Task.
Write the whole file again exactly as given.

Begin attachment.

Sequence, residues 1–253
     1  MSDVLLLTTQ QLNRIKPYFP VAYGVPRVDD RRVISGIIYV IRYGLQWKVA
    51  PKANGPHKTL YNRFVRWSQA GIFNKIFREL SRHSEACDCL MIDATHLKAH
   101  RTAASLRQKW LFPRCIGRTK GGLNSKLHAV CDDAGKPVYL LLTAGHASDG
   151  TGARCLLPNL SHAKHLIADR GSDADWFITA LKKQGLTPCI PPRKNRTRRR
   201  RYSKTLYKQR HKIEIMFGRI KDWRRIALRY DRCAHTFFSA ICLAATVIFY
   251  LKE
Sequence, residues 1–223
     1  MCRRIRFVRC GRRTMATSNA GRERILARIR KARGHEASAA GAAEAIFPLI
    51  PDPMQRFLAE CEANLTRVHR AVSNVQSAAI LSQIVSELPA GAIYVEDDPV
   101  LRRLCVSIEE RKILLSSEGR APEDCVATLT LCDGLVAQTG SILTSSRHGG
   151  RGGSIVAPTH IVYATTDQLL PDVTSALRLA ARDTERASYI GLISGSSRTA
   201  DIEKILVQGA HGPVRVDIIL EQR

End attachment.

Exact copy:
Sequence, residues 1–253
     1  MSDVLLLTTQ QLNRIKPYFP VAYGVPRVDD RRVISGIIYV IRYGLQWKVA
    51  PKANGPHKTL YNRFVRWSQA GIFNKIFREL SRHSEACDCL MIDATHLKAH
   101  RTAASLRQKW LFPRCIGRTK GGLNSKLHAV CDDAGKPVYL LLTAGHASDG
   151  TGARCLLPNL SHAKHLIADR GSDADWFITA LKKQGLTPCI PPRKNRTRRR
   201  RYSKTLYKQR HKIEIMFGRI KDWRRIALRY DRCAHTFFSA ICLAATVIFY
   251  LKE
Sequence, residues 1–223
     1  MCRRIRFVRC GRRTMATSNA GRERILARIR KARGHEASAA GAAEAIFPLI
    51  PDPMQRFLAE CEANLTRVHR AVSNVQSAAI LSQIVSELPA GAIYVEDDPV
   101  LRRLCVSIEE RKILLSSEGR APEDCVATLT LCDGLVAQTG SILTSSRHGG
   151  RGGSIVAPTH IVYATTDQLL PDVTSALRLA ARDTERASYI GLISGSSRTA
   201  DIEKILVQGA HGPVRVDIIL EQR